So I spent the rest of the evening downloading and installing MySQL, PHP, and Apache before running out of space on my 2 GB SD card. I have too much crap on the card from my tinkering projects to finish the install. Double shoot! Looks like I need to buy a 16GB card now! I learned two things so far from this project: 1) you’ll need the ARM optimized Java version for the Raspberry Pi, and 2) always get a larger SD card. Although the RA configuration routine initialized quickly on the Pi, it remains to be seen if RA can run well on it, so stay tuned for more RA and Pi (RAPi?) fun.
**Update:**After talking with some IT folks, I realized that I might just be able to make Rapid Analytics on a Raspberry Pi (RAPi) happen. I need to go back a split the memory better on the Pi AND possibly make mini clusters of Pi. How cool would that be? Stay tuned for more on this project.
It is with heavy heart that I must report that my Rapid Analytics on a Raspberry Pi experiment has failed.
It did not fail from a installation or configuration standpoint - that went extremely well - it failed when I tried running it. It was loading into memory and proceeded to hit a resource brick wall. After 40 minutes of just churning the CPU and going nowhere, I killed the process.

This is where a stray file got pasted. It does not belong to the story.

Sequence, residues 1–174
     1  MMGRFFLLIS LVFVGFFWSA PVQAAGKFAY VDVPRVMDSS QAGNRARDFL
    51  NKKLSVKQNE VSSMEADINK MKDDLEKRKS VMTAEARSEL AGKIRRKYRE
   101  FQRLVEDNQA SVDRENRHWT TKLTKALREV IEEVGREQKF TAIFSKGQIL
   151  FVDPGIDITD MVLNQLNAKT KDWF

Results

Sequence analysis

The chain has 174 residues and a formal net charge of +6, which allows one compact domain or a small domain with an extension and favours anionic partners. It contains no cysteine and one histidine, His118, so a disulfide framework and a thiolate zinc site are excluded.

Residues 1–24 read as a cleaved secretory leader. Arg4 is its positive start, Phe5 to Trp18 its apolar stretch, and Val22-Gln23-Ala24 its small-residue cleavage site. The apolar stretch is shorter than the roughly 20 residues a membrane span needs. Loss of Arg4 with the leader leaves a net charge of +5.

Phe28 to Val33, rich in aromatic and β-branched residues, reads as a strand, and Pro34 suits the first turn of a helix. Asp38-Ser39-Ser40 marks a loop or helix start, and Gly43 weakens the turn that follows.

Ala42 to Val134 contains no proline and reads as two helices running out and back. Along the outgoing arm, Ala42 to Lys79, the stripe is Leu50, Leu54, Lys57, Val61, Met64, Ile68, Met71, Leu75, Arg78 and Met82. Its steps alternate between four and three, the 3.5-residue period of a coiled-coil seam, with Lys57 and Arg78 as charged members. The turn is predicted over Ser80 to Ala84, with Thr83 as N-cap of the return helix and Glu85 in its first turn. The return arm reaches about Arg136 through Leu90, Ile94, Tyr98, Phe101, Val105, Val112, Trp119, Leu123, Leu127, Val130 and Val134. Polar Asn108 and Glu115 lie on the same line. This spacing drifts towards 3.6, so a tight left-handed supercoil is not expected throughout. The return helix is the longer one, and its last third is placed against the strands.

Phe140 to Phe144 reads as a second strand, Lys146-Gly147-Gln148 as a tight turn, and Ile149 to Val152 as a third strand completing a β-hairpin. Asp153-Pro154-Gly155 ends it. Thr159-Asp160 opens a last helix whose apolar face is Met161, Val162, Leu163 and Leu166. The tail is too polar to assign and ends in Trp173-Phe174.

This experiment failed purely from a hardware and memory resource aspect. I knew that Rapid Analytics is resource intensive, and that the odds were against me, but I decided to try it anyway and share my results with you.
Here are a few things I’ve learned from this experiment:
- Raspberry Pi is a very capable computer, you can do a lot with it provided you figure out a way to keep your resource fingerprint small;
- You can run MySQL and Apache from the Pi quite easily and installation is a breeze,
- The ARM optimized version of Java works great on the Pi;
- Rapid Analytics 1.3 can be installed and configured, but hardware limitations prevent it from running;
- You can’t use the run.sh to start up RA, it gives you a VM not supported error, you have to use: sudo /opt/jdk1.8.0/bin/java -Xms256M -Xmx496M -jar run.jar,
- I got an appreciation of what Java can do and how it works, and;
- I cant help myself, I’m addicted to Rapidminer and Raspberry Pi.
Clustering Raspberry Pi with RapidAnalytics